real implementation, and the compiler would refuse to work until it
    sees the real implementation when it try to expland the Bar code. It
    is discused in the book <C++ Template>.

    I am not quit sure about the situation, maybe you can try what I said
    at first.
     
    Alen Wesker, Nov 19, 2010
    #4
  5. Javier Montoya

    Ali_Raz Guest

    On Nov 18, 10:17 am, Javier Montoya <> wrote:
    > On Nov 18, 4:02 pm, Michael Tsang <> wrote:
    >
    >
    >
    > > Javier Montoya wrote:
    > > > Hi everybody!

    >
    > > > I've two template classes, say Bar<S> and Foo<T>. Inside of the Foo<T>
    > > > I've a method that returns Bar<S>*. After compiling the code, I get an
    > > > error of:
    > > > error: no matching function for call to
    > > > ‘CBar<float>::doSomething(int&)’
    > > > make: *** [main] Error 1

    >
    > > > Does somebody has an idea about how could I solve the problem? Below
    > > > the structure of my code:

    >
    > > > // bar.h
    > > > #ifndef BAR_H
    > > > #define BAR_H
    > > > template < class S >
    > > > class Bar{
    > > >   ....
    > > > };
    > > > #endif

    >
    > > (impl skipped)
    > > > // foo.h
    > > > #ifndef FOO_H
    > > > #define FOO_H
    > > > #include <bar.h>
    > > > template < class T >
    > > > class Foo{
    > > > public:
    > > > ....
    > > > int getSomething(int);
    > > > ...
    > > > template <class BarType>
    > > > BarType * doSomething(int);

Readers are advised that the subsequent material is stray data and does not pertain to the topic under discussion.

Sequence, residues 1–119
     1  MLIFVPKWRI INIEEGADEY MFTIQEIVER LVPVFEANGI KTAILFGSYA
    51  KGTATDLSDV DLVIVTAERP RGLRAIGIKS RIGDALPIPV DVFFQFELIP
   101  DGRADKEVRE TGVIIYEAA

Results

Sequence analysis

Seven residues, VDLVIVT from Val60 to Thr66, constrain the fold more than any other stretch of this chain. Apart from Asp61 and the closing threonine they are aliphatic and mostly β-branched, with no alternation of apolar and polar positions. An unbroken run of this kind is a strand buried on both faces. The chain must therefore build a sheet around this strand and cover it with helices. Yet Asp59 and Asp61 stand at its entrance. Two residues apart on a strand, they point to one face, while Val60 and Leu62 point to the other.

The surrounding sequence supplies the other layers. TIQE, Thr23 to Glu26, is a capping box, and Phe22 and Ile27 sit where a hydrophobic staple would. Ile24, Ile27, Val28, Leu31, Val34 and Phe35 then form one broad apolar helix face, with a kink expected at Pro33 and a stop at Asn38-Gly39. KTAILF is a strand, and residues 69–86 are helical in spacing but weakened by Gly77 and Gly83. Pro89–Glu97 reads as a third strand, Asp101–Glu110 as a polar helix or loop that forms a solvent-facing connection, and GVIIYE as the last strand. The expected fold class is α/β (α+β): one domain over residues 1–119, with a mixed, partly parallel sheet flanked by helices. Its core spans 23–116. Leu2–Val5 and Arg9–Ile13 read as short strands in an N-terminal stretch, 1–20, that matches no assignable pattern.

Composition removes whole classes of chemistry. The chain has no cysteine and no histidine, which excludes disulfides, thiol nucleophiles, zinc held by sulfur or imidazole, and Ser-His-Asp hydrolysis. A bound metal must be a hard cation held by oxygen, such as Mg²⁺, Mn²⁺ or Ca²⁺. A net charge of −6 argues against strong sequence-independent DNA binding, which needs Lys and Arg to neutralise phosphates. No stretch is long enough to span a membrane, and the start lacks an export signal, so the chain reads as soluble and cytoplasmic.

> > > ...
    > > > };
    > > > #endif

    >
    > > (impl skipped)
    > > > // main.cpp
    > > > #include <bar.h>
    > > > #include <foo.h>

    >
    > > > int main(){
    > > > Bar<float> * pBar = NULL;
    > > > int num=4;
    > > > Foo<float> * pFoo = new Foo<float>();
    > > > pBar = pFoo->doSomething(num);

    >
    > > There is a problem in your usage of Foo<float>::doSomething.
    > > Foo<float>::doSomething is a function template but there aren't any
    > > parameters which enable the compiler to guess what BarType is (remember, the
    > > return type is *not* used in guessing the template parameters). Therefore,
    > > the compiler cannot select a suitable BarType and generate an error.

    >
    > > > return (0);
    > > > }

    >
    > Thanks Michael! so the only solution would be to pass "BarType *" as a
    > parameter, right? or is there any other possible solution:


    No, that's not a good solution. You can use explicit instantiation,
    e.g., pBar->doSomething<Bar<float> >(num); Note that you may need to
    use the template keyword if your calling code resides in a template,
    that is, pBar->template doSomething<Bar<float> >(num).
    >
    > template < class T >
    > class Foo{
    > public:
    > ....
    > int getSomething(int);
    > ...
    > template <class BarType>
    > void doSomething(int, BarType *);
    > ...
    >
    > };
    >
    > Best
     
    Ali_Raz, Nov 20, 2010
    #5